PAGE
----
Critics have long contended that the Bible is an unreliable source of history. That it is loaded with exaggeration, legend and fable, inflating the importance of Israel’s past.
One particular source of scorn is the fantastic descriptions of the golden age of Israel’s monarchy, the reigns of King David and King Solomon. Revisionist historians claim the account overstates the significance of their rule.
In 2005, however, in what many archaeologists called “the find of the century,” something was unearthed that brought fresh credence to the scriptural narrative. And intriguingly enough, it was a respect for the Bible that precipitated the discovery.
What the Bible Says
King David was the 10th-century b.c. poet-warrior and slayer of Goliath whom the Bible says consolidated and expanded the ancient Israelite kingdom into a regional power. In about 1000 b.c., King David conquered Jerusalem and made it his capital.
The biblical account of this conquest is noteworthy. Before David established Israel’s capital there, Jerusalem was a Jebusite stronghold (Joshua 15:8). David ruled for seven years in Hebron before attacking this enemy fortress at the heart of Israel’s territory. The Jebusites were so certain they could defend against David’s attack that they taunted the young king—boasting that even the blind and lame could defend the city (2 Samuel 5:6). David offered the reward of command of the field armies to whoever could capture the stronghold. Joab seized the opportunity. He led a sneak attack by climbing up into the fortified city through a water conduit, resulting in its capture (verses 7-8; article, page 12).
The account continues: “So David dwelt in the fort, and called it the city of David. And David built round about from Millo and inward. And David went on, and grew great, and the Lord God of hosts was with him” (verses 9-10). Thus the kingdom of Israel, under David’s reign, became a regional power, according to the Bible.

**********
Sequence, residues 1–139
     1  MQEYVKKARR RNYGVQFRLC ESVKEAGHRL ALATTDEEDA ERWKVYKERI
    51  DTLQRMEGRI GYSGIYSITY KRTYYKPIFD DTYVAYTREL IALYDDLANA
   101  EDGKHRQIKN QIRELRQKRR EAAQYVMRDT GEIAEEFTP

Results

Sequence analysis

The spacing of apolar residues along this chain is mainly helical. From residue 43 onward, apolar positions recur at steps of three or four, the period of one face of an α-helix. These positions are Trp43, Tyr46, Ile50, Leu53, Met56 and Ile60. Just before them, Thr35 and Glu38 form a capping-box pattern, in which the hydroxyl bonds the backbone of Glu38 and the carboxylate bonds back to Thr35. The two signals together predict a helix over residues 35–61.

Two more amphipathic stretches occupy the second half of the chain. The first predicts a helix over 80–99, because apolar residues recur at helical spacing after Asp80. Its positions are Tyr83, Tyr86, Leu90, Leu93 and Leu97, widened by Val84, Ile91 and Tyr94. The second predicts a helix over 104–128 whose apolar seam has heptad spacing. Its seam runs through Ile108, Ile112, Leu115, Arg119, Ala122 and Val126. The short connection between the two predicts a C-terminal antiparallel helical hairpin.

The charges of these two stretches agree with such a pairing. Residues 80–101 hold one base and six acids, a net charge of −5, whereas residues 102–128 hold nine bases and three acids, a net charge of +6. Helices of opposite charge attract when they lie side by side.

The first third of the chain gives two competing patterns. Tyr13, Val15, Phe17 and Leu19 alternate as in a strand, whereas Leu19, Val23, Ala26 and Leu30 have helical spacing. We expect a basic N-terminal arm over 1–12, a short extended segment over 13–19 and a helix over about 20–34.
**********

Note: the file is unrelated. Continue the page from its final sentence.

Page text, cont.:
At that point, Scripture describes David’s palace being built—by workers sent by the Phoenician king of Tyre as a gesture of friendship (verse 11).
Another detail worth noting in the passage comes in verse 17: “But when the Philistines heard that they had anointed David king over Israel, all the Philistines came up to seek David; and David heard of it, and went down to the [strong]hold”—or, the fortress. This verse in particular had a profound impact on Eilat Mazar of Hebrew University.
‘A Fantastic House’
“Where was David coming down from?” Dr. Mazar asked, with 2 Samuel 5:17 in mind. She reasoned that he must have come down from his palace—which was situated on top of the hill, just outside of the original Jebusite city.
Many archaeologists had assumed that David’s palace must have been located within the walled city. But why would the king of Israel build his royal palace inside the cramped city walls of the old Jebusite fortress, Mazar wondered. The old city was only about 9 square acres. Relying on the history recorded in 2 Samuel, however, the location of the palace to the north made sense: Once David heard about the Philistines’ approach, he left his palace at the peak of Mount Zion and “went down” to the stronghold, or entered the walled city.
With this Bible-based theory in mind, Dr. Mazar started digging immediately north of the City of David, right at the top of Mount Zion. And after just one season of digging, she discovered a massive wall—up to 10 feet wide in some places, and running 100 feet long, east to west.
Below the walls, Mazar first found 11th-century b.c. pottery. Then, inside a room above the 11th-century b.c. fill, her team located 10th-century pottery—dating to the time of King David and free from material from any other period.
The following season of excavation, Dr. Mazar expanded the dig site, discovering a much larger wall over 16 feet wide, testifying of the building’s importance and grandeur. As she put it, this was “not just a house, but a fantastic house.”
A house—you could say—fit for the king of a mighty nation. Just like the Bible said. And in the location the biblical account suggested.
Dr. Mazar believes that only 20 percent of the palace has been uncovered. Plans are underway for further excavation in the near future.